Author: Leslie J. Francis, Mandy Robbins,
Genre: Christian life
Publisher: Epworth Press
Release Date: 28 Dec 2005
Source: No longer available on the website
Professor Leslie Francis, Director of the Welsh National Centre for Religious Education, has pioneered the concept of ’empirical theology’ and in particular a quantitative measure of ‘spiritual health’: “Spiritual health involves the whole person. Spiritually healthy individuals stand in right relationship with themselves, with other people, with the world in which they live, and with the transcendent, however they conceive it. Spiritually healthy individuals build purposeful lives, develop sound relationships, take responsibility for the world around them, and embrace the transcendent with confidence. Spiritually healthy individuals are needed at the heart of urban regeneration, to celebrate personal hope, to invest in social capital and to transform spiritual wilderness into centres of personal, social and economic creativity”.
This book is based on an analysis of over 34,000 13- to 15-year old pupils in England and Wales, including 500 Muslims. It finds that “there are significant ways in which young people affiliated with the Islamic tradition enjoy higher levels of spiritual health in comparison with young people who belong to no religious tradition…in the environmental domain young Islamic affiliates display greater concern for world development issues…in the personal domain [they] express a greater sense of purpose in life…. there are however significant warning signs…they are more likely to experience low self-esteem and much more likely to be worried about being bullied at school…these findings demonstrate the significant contribution to urban hope which can be generated by the good spiritual health nurtured within the Islamic community”.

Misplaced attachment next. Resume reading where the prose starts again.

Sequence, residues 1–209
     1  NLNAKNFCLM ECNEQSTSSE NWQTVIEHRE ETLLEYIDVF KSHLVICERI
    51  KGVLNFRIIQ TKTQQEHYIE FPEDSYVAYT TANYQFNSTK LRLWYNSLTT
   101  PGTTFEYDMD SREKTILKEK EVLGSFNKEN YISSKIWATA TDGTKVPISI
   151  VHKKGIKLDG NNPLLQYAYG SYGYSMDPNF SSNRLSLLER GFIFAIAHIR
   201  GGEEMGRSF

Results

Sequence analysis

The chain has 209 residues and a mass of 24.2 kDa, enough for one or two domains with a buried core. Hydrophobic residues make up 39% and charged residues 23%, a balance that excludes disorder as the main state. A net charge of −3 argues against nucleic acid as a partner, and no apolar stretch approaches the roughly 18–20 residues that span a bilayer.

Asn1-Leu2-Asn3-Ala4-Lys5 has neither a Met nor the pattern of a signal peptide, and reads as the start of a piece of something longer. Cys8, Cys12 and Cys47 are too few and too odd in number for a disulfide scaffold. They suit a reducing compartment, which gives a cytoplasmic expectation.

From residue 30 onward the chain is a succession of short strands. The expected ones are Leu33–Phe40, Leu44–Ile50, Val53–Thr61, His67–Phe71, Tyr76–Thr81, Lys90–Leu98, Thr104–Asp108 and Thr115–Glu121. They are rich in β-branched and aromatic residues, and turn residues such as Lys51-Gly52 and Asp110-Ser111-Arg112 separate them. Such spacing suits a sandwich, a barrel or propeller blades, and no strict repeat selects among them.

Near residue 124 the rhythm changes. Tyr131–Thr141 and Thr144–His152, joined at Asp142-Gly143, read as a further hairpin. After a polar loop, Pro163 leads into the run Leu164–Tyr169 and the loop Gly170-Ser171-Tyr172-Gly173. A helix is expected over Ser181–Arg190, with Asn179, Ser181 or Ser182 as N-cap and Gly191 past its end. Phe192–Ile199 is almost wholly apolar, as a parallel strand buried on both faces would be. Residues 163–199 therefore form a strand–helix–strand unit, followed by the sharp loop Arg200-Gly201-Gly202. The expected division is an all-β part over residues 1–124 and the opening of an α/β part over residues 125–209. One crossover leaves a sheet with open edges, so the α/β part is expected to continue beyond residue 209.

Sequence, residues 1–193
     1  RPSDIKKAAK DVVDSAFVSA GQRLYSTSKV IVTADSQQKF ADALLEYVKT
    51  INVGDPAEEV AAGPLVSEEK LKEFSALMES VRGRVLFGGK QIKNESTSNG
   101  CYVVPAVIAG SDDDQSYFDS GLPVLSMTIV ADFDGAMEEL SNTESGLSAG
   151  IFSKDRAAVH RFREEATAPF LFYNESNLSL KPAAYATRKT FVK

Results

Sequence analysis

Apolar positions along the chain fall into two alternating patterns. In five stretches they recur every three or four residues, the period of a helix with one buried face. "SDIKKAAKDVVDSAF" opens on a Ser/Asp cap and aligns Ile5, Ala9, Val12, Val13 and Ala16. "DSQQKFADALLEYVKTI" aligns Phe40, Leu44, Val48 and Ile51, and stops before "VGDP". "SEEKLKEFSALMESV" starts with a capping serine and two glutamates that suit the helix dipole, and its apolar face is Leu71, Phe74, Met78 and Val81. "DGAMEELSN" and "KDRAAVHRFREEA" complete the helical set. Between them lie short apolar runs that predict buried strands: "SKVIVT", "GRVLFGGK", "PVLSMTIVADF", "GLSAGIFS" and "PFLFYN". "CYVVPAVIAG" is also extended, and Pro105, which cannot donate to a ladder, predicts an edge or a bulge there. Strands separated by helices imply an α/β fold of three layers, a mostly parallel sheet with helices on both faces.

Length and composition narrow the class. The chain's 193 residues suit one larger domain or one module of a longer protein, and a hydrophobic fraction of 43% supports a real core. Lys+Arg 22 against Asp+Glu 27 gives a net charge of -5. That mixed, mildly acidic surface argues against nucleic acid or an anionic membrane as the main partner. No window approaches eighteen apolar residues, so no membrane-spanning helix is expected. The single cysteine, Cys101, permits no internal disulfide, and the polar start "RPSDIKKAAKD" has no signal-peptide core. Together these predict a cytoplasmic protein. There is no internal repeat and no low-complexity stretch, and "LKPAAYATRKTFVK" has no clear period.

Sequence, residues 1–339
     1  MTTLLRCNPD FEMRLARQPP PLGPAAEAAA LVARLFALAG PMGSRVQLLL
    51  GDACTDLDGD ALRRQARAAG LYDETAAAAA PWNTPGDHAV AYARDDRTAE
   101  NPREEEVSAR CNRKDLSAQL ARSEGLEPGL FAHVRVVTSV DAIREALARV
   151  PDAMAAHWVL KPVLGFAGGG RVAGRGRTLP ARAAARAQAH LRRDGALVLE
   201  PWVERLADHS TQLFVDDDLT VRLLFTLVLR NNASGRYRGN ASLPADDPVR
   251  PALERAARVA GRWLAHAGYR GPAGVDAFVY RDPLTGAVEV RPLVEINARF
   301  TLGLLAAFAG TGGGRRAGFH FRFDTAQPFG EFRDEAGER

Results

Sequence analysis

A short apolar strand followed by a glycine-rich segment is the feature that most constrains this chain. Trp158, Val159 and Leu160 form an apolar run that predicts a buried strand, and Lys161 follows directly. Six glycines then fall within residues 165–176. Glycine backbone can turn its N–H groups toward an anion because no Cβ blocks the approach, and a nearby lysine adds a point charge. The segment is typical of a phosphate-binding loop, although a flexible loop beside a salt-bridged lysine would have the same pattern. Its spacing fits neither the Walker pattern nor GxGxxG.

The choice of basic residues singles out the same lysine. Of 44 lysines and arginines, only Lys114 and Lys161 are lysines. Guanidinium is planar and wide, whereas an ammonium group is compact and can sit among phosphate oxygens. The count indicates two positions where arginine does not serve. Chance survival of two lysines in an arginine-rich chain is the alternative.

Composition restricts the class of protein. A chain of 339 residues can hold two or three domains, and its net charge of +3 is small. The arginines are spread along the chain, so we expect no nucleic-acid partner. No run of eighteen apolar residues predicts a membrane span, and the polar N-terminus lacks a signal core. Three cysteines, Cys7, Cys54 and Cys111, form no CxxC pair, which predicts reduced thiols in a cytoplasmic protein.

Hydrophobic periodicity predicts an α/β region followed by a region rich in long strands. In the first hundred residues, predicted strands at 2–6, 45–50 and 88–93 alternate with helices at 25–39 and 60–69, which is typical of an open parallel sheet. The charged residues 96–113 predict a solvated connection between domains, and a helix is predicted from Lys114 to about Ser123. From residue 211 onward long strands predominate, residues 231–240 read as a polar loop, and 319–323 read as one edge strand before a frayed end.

‘Urban Hope and Spiritual Health’ includes chapters on pupils in various types of Christian denominational schools, and also on young persons in the Jewish, Hindu and Sikh faith communities. Professor Francis’s work ought to be replicated and extended in a larger scale study of Muslim adolescents, perhaps focussing on issues such as the different results obtained for boys and girls, the effect of the Islamic calendar – would surveys taken in Ramadan different from other times of the year? It would also be important to investigate differences in ‘spiritual health’ between young persons in independent Muslim schools and other schools.